March 21, 2013
John Punshon’s Reasons for Hope is unabashedly an argument. Those who are uncomfortable with arguments may not warm to this book, but they will miss something special. In making his argument, Punshon isn’t trying to put anyone down or sow unnecessary divisions among us. Instead, he is trying to think things through clearly, and to say carefully what he believes and hopes we will believe. We should welcome arguments like that.
He doesn’t spend a great deal of time saying what he is against, but he does say a great deal about why he thinks Friends – Evangelical Friends – should understand their church, their faith and their practice in a certain way. More specifically, he wants us to understand that, as Evangelicals, we fall within a broad tradition – a family – of beliefs that we should embrace. Moreover, he wants us to understand that, as Friends, we have a distinctive niche, a potentially vital one, within the broad Evangelical current.
Early Friends, he argues, came upon arresting understandings of God, worship, church governance, discipleship and much more. When the tradition of early Friends turned inward and grew stale, Evangelical thought revitalized Quakerism. Now Punshon is trying to see how the marriage of Quakerism and Evangelical Christianity can be coherent and fruitful.
His larger argument is mostly sustained in the first and tenth (last) chapters of the book. In chapters 2 through 9, he takes up important specific aspects of the religious life and tries to show three things about each: first, that Friends have a distinctive approach to this matter; second, that the current best beliefs or practices of the Friends Church in this regard are sound both scripturally and theologically; and third, that these distinctive approaches of Friends fall comfortably (even if occasionally innovatively) within the broader current of Evangelical belief and practice.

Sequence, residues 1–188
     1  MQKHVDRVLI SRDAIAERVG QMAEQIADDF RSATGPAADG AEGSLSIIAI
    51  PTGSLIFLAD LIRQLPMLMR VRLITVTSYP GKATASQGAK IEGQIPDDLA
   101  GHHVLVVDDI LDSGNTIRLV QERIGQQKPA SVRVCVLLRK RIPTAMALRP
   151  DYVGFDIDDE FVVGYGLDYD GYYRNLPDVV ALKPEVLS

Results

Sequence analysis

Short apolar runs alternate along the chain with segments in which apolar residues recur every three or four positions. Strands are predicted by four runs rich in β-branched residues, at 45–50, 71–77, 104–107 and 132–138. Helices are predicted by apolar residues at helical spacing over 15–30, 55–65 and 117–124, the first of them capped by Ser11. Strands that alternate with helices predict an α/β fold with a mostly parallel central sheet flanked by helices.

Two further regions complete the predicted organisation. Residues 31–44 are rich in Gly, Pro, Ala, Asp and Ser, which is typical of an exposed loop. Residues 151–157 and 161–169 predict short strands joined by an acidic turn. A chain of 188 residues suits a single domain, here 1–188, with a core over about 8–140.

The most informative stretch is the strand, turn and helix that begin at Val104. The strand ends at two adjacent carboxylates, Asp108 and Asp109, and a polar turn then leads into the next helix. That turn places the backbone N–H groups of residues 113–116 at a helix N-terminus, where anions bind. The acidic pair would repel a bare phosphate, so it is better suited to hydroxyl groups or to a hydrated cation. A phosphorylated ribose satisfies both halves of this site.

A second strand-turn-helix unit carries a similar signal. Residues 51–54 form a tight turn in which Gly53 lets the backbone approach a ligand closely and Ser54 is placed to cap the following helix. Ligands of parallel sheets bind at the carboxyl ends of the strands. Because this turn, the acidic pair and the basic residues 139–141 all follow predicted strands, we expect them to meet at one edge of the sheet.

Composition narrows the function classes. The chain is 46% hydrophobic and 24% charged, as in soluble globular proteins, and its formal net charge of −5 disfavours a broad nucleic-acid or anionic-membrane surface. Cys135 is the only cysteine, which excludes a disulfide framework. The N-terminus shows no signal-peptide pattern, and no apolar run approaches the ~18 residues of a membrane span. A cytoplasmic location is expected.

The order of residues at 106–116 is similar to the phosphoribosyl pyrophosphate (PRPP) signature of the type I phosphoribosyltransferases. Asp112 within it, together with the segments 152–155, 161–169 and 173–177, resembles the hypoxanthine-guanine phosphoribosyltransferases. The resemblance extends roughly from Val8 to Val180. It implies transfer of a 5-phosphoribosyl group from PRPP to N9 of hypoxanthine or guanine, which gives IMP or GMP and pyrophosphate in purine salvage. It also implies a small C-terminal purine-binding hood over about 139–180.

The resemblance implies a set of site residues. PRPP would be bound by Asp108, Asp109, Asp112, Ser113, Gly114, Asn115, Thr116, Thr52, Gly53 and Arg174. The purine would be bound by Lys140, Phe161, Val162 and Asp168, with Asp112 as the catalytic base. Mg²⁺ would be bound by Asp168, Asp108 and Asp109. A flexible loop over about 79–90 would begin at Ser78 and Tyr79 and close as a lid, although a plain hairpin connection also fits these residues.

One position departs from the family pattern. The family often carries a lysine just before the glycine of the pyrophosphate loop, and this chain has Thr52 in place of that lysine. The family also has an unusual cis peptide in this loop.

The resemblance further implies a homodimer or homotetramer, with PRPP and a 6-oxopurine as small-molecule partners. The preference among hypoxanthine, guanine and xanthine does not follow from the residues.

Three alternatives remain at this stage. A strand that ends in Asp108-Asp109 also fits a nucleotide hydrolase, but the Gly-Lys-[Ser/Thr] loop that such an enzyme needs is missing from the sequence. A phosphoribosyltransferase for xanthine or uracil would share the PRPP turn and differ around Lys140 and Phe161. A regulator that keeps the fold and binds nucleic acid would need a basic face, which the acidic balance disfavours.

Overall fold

In chapter 2, for example, he discusses what most Evangelicals call “conversion,” and shows that what Quakers call “convincement” is essentially the same thing. To take another example, in chapter 6 concerning worship Punshon focuses on why open worship (expectant waiting) is an unusual practice of Friends but one that satisfies the same purposes as worship in other evangelical denominations. In other chapters Punshon discusses faith, the Bible, living a moral life, and end times. A Quaker could read Punshon’s book as a comprehensive and sophisticated overview of evangelical beliefs in the Quaker manner, though some prior familiarity with Quaker beliefs is needed to fully understand his argument.
Central to all of Punshon’s discussions of these various topics is the Quaker idea of the Light Within. That Quaker doctrine – if doctrine is the right word – emerges as the essential idea that ties the Friends Church to Evangelical Christianity because it provides assurance of personal experience of Jesus Christ.
Probably the most interesting discussion, for me, is Punshon’s treatment of the Bible in chapter 4. “For Evangelicals,” Punshon writes, “scripture is the authority from which there is no appeal.” But Friends, following Robert Barclay, take scripture as “a declaration of the fountain, and not the fountain itself.” “On the surface,” acknowledges Punshon, “these two positions look as if they are mutually exclusive” (p 118). But Punshon thinks that is too superficial a view; he has an argument that he thinks resolves the contradiction.
That will be the subject of my fourth post on Reasons for Hope.